“As the nation reckons with racial inequity and cities are on the frontline of the global pandemic, the example of our ancestors — people committed to freedom, justice, equity and progress — will help us build the world we deserve.”
Christopher J. Tyson is the President and CEO of Build Baton Rouge, the city’s redevelopment authority. Build Baton Rouge brings people and resources together to promote equitable investment, innovative development and thriving communities across all of Baton Rouge.
Chris works closely with the Mayor, business leaders and community advocates to revitalize disinvested areas, drive economic impact through equitable investment and advance partnerships to increase community-wide capacity. Under his leadership, the agency has secured over $50 million in grants for transit-oriented and equitable urban redevelopment.
Chris is currently on leave from his position as the Newman Trowbridge Distinguished Professor of Law at the LSU Law Center. He is a noted local government law scholar and has published in numerous popular, academic and editorial journals, including the New York Times and the Harvard Journal on Racial & Ethnic Justice. In 2015, Chris was the Louisiana State Democratic Party nominee for Secretary of State and earned the most votes of any Black candidate at that point in Louisiana’s history.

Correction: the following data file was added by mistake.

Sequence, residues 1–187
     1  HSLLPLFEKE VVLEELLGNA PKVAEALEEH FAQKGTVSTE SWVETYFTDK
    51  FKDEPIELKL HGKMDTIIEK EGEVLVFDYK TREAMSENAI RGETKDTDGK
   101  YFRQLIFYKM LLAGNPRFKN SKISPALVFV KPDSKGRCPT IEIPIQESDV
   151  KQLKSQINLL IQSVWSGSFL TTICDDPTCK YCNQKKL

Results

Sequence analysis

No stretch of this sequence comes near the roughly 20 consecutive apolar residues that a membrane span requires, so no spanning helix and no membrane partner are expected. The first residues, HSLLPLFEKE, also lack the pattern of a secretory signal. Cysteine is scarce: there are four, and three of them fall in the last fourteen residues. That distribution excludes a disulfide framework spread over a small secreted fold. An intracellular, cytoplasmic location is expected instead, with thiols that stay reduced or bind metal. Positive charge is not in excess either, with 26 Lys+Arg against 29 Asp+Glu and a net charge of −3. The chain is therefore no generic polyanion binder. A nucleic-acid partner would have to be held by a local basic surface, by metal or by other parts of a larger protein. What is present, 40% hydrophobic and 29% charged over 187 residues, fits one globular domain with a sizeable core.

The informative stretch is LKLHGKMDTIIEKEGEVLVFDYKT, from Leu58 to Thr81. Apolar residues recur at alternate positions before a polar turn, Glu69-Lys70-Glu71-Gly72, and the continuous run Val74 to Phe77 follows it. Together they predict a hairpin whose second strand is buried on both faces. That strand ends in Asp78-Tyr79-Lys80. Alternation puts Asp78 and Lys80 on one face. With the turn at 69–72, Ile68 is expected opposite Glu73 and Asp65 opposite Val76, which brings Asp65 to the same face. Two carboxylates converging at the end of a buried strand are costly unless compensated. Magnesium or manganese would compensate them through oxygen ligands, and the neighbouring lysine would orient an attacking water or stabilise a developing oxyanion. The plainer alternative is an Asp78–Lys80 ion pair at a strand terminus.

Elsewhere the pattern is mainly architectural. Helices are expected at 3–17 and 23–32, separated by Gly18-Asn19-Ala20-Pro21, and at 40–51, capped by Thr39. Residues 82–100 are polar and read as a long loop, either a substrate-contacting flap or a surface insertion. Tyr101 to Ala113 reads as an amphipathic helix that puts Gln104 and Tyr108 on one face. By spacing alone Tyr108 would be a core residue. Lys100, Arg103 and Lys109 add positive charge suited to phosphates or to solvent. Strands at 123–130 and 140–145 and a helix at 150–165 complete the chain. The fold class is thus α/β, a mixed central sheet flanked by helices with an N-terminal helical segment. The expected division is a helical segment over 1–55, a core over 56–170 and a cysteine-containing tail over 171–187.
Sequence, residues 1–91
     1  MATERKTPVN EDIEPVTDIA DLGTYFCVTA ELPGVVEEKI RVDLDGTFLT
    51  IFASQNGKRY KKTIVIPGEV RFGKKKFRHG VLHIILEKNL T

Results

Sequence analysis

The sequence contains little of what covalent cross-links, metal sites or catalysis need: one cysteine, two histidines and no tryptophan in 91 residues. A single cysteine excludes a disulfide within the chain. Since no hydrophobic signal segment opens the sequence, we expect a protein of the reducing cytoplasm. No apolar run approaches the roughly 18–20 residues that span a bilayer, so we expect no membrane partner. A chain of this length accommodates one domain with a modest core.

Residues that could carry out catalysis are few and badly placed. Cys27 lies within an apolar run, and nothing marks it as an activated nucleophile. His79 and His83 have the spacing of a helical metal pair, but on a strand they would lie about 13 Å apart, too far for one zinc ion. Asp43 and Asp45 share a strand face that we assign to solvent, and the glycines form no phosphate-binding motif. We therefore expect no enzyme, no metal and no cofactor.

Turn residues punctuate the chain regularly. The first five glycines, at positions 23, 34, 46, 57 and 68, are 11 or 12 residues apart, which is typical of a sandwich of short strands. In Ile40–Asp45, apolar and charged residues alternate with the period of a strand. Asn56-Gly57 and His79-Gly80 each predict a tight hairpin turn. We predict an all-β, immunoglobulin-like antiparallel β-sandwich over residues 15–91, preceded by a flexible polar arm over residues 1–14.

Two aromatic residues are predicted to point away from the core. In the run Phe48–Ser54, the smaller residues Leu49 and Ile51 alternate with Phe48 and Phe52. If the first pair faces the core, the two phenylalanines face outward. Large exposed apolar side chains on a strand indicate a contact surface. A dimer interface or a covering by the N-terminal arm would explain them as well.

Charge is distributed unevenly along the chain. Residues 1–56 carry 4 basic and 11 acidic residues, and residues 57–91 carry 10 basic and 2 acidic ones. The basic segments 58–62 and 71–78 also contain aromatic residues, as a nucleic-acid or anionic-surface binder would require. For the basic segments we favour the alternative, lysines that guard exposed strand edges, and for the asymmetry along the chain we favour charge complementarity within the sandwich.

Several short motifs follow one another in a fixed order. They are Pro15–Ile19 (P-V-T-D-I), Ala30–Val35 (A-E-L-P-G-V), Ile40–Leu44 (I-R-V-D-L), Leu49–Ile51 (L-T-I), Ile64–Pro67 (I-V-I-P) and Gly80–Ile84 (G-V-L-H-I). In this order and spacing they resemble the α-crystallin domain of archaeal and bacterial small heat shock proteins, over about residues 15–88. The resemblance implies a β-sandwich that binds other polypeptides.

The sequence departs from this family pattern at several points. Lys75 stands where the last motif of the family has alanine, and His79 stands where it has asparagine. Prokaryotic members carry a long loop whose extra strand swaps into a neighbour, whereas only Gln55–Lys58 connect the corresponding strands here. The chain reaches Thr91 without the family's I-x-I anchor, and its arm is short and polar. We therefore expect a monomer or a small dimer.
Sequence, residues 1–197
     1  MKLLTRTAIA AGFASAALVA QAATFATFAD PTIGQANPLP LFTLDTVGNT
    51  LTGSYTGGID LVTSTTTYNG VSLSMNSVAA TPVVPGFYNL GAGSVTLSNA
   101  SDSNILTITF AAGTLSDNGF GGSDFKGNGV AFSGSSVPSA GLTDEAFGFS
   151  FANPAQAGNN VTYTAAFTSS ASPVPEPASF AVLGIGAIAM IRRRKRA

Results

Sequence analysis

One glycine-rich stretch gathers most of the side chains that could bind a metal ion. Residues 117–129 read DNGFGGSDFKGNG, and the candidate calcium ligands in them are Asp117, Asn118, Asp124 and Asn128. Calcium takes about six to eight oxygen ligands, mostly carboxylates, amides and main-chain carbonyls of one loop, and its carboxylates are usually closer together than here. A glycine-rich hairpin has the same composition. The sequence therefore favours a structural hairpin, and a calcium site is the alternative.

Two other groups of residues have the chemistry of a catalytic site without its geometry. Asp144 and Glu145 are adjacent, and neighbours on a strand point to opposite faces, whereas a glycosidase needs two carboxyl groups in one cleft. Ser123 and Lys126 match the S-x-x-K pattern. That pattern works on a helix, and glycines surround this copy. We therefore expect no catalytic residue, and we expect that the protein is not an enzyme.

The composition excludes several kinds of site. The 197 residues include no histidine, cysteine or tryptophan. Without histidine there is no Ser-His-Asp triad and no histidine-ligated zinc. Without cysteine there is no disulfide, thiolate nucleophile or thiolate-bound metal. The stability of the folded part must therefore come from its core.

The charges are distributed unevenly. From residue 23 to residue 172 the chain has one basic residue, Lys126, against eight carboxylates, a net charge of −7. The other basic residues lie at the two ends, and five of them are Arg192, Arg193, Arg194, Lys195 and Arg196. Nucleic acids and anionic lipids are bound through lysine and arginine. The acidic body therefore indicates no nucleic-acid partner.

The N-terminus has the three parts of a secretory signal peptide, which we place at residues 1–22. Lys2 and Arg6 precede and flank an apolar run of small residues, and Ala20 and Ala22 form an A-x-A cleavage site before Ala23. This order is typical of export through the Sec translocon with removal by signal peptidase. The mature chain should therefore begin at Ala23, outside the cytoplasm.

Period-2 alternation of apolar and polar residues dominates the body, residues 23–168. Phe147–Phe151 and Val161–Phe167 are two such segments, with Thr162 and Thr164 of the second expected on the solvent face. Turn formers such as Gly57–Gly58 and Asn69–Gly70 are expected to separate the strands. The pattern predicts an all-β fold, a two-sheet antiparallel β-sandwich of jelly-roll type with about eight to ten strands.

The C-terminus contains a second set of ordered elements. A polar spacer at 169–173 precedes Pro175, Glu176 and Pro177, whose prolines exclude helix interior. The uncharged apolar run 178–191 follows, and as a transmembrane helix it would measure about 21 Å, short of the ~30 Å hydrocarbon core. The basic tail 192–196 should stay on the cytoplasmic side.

In 2017, LSU honored Chris with the Brij Mohan Distinguished Professor Award for his commitment to advancing peace and social justice. In 2018, he was inducted into University Laboratory School’s Alumni Hall of Distinction. Chris served as Co-Chair of Baton Rouge Mayor Sharon Broome’s Transition Team, and Governor John Bel Edwards appointed him to the Louisiana Highway Safety Commission and the COVID-19 Health & Equity Task Force. His work in transit advocacy, urban planning and equitable development has addressed issues of intergenerational connection, aging and accessibility for all.
Chris earned his Bachelor of Architecture degree, with honors, from Howard University in 1998; his Master of Public Policy degree from the Harvard Kennedy School in 2003; and his Juris Doctor degree from the Georgetown University Law Center in 2006.